There was an Edmond Chandler (Chaundler) of Buckinghamshire born 1568 who attended New College, Oxford between 1588 and 1595, but he went on to pursue a career in the English church.
I have tried to locate Edmund’s origins by researching the origins of the men he guaranteed for citizenship in Leiden, but this has produced no positive result. Similarly, pursuing clues from other Leiden records, I have examined all possible permutations of Mary or Catherine Chandler, Edmonds or Richards marriages, or any of these to a Cubitt, in English online marriage records in the relevant period, to no avail.
Analysis of the 1881 British Census shows 3,816 people with any surname and the forename Edmond, but 27,024 with any surname and the forename Edmund, indicating that the Edmund spelling is far more usual. Most frequent distribution of the forename Edmund at that time was in Middlesex and Lancashire, followed by Sussex and Kent. The surname Chandler, however, does not occur frequently in Lancashire. The popularity of the name Edmund can be traced to the martyrdom of Edmund, a King of East Anglia in England, who was captured by Danish invaders near Hoxne in the county of Suffolk on 20th November in the year 870. He was flayed with flesh-stripping whips, tied to a tree and used for archery practice until his body was covered “like the bristles of a hedgehog”, yet still he refused to renounce his Christian faith. Finally, because Edmund continued to profess his belief, the Danish chief Ivar had him beheaded. After the Danes moved on, Edmund was interred at Beadoriceworth, the town now known as Bury St Edmunds.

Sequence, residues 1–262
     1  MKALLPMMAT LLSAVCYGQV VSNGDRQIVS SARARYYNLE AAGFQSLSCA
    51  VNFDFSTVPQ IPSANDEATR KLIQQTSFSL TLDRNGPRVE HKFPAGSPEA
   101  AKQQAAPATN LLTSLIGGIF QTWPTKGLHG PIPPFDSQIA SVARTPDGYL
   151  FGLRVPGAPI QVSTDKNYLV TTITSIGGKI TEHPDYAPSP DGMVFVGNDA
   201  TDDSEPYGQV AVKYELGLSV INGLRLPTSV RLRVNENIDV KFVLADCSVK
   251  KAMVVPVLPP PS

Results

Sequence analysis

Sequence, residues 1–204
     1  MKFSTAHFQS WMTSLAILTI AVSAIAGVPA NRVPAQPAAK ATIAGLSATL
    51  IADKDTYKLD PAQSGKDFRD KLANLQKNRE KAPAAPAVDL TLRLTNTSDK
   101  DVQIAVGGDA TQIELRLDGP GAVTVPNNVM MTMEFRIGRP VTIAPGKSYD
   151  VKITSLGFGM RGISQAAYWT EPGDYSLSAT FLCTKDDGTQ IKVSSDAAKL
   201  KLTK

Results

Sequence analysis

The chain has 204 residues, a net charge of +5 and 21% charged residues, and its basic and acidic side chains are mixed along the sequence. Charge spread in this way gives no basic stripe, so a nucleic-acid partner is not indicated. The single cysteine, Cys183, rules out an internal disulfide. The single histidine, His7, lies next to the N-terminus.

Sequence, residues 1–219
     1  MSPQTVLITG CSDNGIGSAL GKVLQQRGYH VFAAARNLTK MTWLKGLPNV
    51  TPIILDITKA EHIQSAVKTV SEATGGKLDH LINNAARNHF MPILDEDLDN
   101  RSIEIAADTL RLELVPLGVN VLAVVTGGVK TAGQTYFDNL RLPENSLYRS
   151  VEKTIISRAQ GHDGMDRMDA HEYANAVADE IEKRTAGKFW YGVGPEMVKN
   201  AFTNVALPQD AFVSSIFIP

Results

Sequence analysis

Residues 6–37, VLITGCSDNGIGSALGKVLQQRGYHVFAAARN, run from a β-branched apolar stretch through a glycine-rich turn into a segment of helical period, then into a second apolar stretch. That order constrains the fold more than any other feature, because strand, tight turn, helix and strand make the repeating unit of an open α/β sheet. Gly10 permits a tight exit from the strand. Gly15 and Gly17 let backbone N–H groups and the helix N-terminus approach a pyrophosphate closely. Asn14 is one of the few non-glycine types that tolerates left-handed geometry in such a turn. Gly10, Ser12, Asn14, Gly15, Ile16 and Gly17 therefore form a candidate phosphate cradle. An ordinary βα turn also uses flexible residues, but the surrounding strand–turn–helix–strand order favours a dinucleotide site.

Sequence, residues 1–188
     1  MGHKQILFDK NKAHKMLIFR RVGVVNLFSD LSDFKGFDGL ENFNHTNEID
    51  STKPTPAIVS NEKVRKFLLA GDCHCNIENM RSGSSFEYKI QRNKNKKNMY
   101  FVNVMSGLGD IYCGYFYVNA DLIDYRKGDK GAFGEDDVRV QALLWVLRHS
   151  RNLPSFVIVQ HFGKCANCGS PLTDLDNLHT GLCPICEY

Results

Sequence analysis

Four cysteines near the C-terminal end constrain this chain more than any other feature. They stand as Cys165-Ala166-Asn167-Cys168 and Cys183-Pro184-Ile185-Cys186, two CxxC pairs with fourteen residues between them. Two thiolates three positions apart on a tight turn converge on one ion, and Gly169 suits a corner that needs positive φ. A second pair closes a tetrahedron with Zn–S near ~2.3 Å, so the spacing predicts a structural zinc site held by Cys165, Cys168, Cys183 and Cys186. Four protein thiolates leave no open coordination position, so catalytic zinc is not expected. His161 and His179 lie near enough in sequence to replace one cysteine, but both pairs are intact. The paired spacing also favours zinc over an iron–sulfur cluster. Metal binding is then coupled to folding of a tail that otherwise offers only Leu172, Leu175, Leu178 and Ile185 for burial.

The Chandler Family Association|
|All rights reserved
The Chandler Family Association
Posted June 6, 2015|
Navigation script from Dynamic Drive
Advanced MailTo Encoder
Web Site Statistics by StatCounter